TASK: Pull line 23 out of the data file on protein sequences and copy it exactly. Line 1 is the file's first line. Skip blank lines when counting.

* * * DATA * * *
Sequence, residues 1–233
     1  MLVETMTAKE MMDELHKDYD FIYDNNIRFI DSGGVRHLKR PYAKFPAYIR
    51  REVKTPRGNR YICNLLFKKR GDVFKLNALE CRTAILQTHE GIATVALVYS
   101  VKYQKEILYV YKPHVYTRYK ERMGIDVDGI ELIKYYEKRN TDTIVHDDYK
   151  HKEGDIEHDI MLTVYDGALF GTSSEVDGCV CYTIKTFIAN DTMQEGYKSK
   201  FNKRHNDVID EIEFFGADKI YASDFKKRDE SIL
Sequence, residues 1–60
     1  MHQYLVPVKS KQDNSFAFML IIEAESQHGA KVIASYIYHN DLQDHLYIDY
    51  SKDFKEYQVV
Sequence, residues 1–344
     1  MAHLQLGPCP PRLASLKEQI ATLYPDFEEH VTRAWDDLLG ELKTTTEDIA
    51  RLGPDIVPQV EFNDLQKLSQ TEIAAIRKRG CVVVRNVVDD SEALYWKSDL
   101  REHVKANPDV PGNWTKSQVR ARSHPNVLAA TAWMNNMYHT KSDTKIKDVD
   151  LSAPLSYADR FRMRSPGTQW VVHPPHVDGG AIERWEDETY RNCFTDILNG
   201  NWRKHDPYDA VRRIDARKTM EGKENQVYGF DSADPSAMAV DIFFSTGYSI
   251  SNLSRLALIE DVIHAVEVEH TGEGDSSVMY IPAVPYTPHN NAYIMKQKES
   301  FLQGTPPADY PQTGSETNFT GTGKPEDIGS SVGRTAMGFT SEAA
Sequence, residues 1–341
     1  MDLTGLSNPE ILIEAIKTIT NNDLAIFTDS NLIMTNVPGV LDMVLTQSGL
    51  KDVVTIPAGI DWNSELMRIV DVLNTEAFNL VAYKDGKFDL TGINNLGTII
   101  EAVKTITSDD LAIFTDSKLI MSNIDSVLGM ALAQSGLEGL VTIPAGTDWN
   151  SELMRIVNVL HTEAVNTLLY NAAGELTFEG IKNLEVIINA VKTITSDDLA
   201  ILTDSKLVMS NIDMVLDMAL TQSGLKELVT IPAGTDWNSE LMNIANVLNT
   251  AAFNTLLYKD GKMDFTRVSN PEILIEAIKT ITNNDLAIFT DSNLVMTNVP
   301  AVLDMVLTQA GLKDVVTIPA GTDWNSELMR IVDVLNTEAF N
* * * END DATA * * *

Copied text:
   201  ILTDSKLVMS NIDMVLDMAL TQSGLKELVT IPAGTDWNSE LMNIANVLNT